What is the right price?

Photo from Unsplash

Let’s start with an interesting Dilbert conversation on pricing to set the stage for this essay:

Dilbert says, “Is it my imagination or is our pricing intentionally confusing?” Coworker says, “It’s intentionally confusing.” Coworker says, “That way you can’t compare our prices to our competitors’ prices.” Coworker says, “Our competitors do the same thing. It’s called confusopoly.” Coworker says, “We all get our fair share of confused customers and we don’t need to lower our prices to compete.” Coworker says, “We use the profits from our anti-competitive behavior to fun innovation.” Dilbert says, “That almost sounds reasonable.” Coworker says, “Now spank yourself and thank me!” Source: Dilbert.com

With that story as our backdrop, let’s begin our essay. I am pretty sure that Pricing is an Achilles’ heel for most start-ups. Let’s assume that the product is great, the technology stack is amazing and there is a relevant market to buy the offering, where is the weakness? Is the right price the weakness? If yes, how do we determine that magic number? I don’t think I have all the answers but i have tried to use a hyper-simplified framework that has worked reasonably well for me and here is how it goes:

(A) Cost-based pricing: This is a very simple form of pricing. One can price the product based on the following cost parameters:

(B) Competition-based pricing: This pricing is based on the pricing of similar products in the market. In other words, the price of Uber services is pretty much the same or similar to OLA. If the product does not have competition in the home market then it might useful to benchmark against potential competitors outside the home market. Once the numbers are known then pricing can be done using one of the below-mentioned strategies:

(C) Dynamic pricing: It is also known as demand-based pricing or time-based pricing. E-commerce companies use this model pretty well where they use certain time events to play with price as they equate reduced price with volumes e.g. low pricing during festival sales (large volume of sales offset the discounts).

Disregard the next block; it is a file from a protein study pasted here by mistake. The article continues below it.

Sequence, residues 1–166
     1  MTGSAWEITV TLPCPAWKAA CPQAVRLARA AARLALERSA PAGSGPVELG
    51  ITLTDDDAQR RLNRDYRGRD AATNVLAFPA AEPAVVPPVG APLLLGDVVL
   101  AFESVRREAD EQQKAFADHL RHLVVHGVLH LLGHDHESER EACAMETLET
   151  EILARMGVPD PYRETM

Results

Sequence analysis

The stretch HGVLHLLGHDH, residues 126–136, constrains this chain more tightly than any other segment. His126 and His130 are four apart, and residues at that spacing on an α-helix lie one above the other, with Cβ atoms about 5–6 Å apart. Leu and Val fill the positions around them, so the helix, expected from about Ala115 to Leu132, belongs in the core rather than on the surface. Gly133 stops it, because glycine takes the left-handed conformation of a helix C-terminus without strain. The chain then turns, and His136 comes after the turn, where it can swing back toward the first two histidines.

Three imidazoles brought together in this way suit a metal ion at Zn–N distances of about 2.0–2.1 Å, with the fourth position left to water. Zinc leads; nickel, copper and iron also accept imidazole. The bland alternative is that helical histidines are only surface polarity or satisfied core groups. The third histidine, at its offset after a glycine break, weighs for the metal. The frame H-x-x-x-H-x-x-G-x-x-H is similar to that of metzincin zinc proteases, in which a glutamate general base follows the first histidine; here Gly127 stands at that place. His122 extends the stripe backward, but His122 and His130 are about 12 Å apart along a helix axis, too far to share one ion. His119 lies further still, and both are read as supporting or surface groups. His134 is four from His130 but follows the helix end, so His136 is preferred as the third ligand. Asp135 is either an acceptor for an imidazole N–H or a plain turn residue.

(D) Experimental pricing: Pricing is an art and it’s difficult to get it right the first time. Is there a way to experiment with pricing? Yes, indeed:

Let’s now get to the Execution of pricing:

(A) Not knowing the right price essentially means that one has to start with experimental pricing. But, have a deep sense of data which means understand customer’s buying pattern either by recoding it in the product technically or manually.

(B) Start with a baseline price. I.e. use either cost-based pricing or competition-based pricing to arrive at a number and start with that number.

© Apply one of the below-mentioned pricing strategies to play with the experimental pricing, e.g.:

Whilst, this essay may not answer all your questions; this might give you a few points to think about and discuss with your co-founders. Hopefully adds some value!

Originally published at https://www.raghsforte.com on November 16, 2020.

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Raghu Sarangarajan

raghsforte.com | Growth hacking | Product management | Customer success | Entrepreneur | B2B start-ups | ex-SAP